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November 26, 1995
. Vreme News Digest Agency No 217

The Issue of Prevlaka

by Velizar Brajovic

President of Montenegro Momir Bulatovic said in Dayton that the international community would be dealing with the Prevlaka issue in Paris: "We had constructive talks in Dayton with the Croatian delegation, particularly with President Tudjman. We discussed the legitimate demand of the Bosnian Serb Republic to get access to the sea and, at the same time, the Prevlaka issue. We have reached an agreement on the whole package of the arrangement. It is complicated and will be realized at the resumed peace conference in Paris, on the occasion of the signing of the agreement. All those who have been criticising me may be disappointed."

Prior to Dayton, Montenegro officials occasionally said that Prevlaka would be gained through some kind of a triple exchange of territory which included the Dubrovnik hinterland. In the meantime, new geography is being taught in schools: bookshops are selling a new map of Montenegro, published by Geokarta, Belgrade in 1995, on which the border of Montenegro is some ten kilometres further into Croatia's territory, more precisely at Molunat. News from this part of Croatia says that the population is dissatisfied with the government's inadequate attitude toward the reconstruction of houses and other buildings. The news from Konavle says that the citizens along the Montenegro border in the east and along the Herzegovina border in the north are leaving their homes, some of them even taking roof tiles with them. Prevlaka is ours," East Herzegovina leader Bozidar Vucurevic told "Vreme" (after Dayton). "When I say 'ours' I mean that the Serbian people finally must have common interests. It may partly or completely be in Montenegro or in the Bosnian Serb Republic, but let's not strain the issue. Herzegovina pledges a substantial part of its territory for access to the sea, including Prevlaka, which means that this time Herzegovina ought to buy off Prvlaka. When we talk about whose Prevlaka is, it in fact belongs to the Bosnian Serb Republic, but if we are human we should abide by Njegos's wisdom. I think there must be no spark about it: Prevlaka is ours - it belongs to Montenegro or the Bosnian Serb Republic and we have no right to dispute it," Vucurevic said categorically.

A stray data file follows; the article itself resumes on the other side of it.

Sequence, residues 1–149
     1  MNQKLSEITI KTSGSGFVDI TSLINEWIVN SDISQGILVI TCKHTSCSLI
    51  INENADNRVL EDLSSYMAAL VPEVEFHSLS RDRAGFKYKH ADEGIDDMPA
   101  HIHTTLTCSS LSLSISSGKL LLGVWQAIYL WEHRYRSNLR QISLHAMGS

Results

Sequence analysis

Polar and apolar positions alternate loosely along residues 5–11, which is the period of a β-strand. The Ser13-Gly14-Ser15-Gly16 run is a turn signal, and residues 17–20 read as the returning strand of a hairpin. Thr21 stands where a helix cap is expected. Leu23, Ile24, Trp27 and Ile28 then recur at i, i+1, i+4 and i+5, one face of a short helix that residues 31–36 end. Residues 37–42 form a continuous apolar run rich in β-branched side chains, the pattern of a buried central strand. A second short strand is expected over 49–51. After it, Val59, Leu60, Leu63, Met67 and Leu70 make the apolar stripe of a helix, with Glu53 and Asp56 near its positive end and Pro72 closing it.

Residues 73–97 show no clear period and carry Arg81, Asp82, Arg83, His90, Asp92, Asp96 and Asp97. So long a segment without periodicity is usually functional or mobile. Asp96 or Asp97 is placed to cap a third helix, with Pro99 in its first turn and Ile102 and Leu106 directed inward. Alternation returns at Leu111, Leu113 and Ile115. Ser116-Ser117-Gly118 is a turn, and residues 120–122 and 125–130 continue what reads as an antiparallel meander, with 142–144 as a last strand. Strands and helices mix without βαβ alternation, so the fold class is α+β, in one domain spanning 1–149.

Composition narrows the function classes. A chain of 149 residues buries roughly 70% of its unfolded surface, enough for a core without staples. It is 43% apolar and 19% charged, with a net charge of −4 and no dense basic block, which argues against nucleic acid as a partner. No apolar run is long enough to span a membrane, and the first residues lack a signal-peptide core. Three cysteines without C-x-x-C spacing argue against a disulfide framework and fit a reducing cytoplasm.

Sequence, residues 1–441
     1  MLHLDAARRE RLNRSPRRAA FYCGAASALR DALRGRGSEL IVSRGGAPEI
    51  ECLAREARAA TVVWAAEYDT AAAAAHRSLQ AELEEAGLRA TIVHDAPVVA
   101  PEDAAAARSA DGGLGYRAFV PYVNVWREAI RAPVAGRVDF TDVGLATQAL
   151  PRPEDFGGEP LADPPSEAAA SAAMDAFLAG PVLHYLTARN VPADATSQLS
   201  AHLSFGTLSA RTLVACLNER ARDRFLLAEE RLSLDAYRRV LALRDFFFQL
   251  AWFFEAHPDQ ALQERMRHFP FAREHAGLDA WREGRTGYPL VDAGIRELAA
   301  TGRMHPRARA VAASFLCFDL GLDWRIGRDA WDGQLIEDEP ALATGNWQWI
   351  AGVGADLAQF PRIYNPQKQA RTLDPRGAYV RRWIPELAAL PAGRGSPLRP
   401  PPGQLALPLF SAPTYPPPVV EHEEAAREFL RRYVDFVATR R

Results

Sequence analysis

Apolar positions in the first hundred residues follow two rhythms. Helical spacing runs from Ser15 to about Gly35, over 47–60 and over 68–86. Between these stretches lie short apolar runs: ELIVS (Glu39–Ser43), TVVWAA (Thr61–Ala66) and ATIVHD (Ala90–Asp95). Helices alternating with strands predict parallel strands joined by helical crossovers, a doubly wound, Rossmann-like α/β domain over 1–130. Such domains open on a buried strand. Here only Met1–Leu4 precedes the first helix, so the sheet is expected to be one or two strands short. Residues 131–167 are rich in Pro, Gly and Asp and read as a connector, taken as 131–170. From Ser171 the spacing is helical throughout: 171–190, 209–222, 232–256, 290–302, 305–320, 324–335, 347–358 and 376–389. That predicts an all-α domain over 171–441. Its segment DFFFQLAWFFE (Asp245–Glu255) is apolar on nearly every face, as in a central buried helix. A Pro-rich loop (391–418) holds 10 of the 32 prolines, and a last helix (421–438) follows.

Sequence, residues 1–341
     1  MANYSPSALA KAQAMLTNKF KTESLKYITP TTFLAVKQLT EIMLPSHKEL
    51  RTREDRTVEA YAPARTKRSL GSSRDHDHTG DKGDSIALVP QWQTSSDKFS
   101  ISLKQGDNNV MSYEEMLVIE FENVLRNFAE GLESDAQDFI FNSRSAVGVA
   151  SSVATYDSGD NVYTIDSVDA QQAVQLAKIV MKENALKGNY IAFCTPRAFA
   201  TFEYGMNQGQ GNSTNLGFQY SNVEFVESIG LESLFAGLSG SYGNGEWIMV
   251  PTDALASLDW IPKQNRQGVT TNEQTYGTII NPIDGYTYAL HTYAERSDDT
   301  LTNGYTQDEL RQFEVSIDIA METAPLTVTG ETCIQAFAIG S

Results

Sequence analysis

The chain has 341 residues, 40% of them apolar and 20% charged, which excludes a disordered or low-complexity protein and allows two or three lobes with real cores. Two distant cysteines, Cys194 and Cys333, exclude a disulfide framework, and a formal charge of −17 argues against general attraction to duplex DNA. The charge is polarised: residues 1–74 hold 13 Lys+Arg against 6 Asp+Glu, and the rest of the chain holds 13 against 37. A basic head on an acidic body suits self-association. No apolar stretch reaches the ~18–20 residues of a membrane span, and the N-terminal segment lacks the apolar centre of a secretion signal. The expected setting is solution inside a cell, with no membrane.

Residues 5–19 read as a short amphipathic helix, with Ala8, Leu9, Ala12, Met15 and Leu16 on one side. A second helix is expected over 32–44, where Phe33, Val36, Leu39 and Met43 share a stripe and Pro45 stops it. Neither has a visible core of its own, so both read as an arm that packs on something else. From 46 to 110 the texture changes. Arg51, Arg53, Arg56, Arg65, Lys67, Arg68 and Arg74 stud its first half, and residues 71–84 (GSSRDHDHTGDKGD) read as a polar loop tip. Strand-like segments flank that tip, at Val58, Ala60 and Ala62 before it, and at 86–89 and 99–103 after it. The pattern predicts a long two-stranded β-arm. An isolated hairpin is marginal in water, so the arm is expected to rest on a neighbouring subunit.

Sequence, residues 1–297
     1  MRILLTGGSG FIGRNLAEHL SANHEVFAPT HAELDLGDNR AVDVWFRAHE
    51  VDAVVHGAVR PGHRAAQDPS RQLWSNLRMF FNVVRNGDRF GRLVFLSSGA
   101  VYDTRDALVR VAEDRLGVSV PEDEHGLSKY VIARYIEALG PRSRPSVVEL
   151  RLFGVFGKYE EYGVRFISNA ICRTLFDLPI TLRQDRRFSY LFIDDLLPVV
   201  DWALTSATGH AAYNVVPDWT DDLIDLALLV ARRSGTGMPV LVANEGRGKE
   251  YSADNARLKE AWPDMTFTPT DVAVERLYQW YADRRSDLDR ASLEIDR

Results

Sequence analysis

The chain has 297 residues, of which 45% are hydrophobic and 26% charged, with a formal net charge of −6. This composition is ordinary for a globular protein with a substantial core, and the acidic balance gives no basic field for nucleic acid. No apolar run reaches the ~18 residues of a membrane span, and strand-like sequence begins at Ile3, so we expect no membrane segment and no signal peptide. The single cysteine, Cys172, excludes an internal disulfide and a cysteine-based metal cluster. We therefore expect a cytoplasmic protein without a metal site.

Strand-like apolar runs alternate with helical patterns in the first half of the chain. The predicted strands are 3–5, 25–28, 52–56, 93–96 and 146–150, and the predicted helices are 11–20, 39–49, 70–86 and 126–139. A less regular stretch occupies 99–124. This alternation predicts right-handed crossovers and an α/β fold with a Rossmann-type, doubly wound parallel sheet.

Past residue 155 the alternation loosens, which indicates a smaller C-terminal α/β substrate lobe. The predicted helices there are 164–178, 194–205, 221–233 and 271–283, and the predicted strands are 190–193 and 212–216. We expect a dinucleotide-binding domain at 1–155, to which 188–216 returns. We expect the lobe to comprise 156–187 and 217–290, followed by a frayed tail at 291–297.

Bozidar Vucurevic told "Vreme" that it is not certain how long the Herzegovina coastline would be - ten or twenty kilometres - because lines had not been drawn yet even of the territory of the Trebinje municipality in the Dubrovnik hinterland. It depends on what the Croats will offer and what they will ask for. The three sides - the Federal Republic of Yugoslavia, Bosnian Serb Republic and the Muslim-Croat Federation - ought to agree about some details.

Asked about the maritime border from Boka Kotorska to Cilipi, Vucurevic said. "Our municipality is next to Herceg-Novi. We shall make the job easier for them because the border will get further away from them. The Bosnian Serb Republic will bear the burden of keeping order and peace."

The tourist trade, however, is very much concerned with what might be encountered on the way from Herceg-Novi to Dubrovnik, especially since they are convinced that the Montenegro and Dubrovnik rivieras are inseparable. Four borders to be crossed at the length of some ten kilometres are probably the worst solution from the aspect of the revival of tourism.

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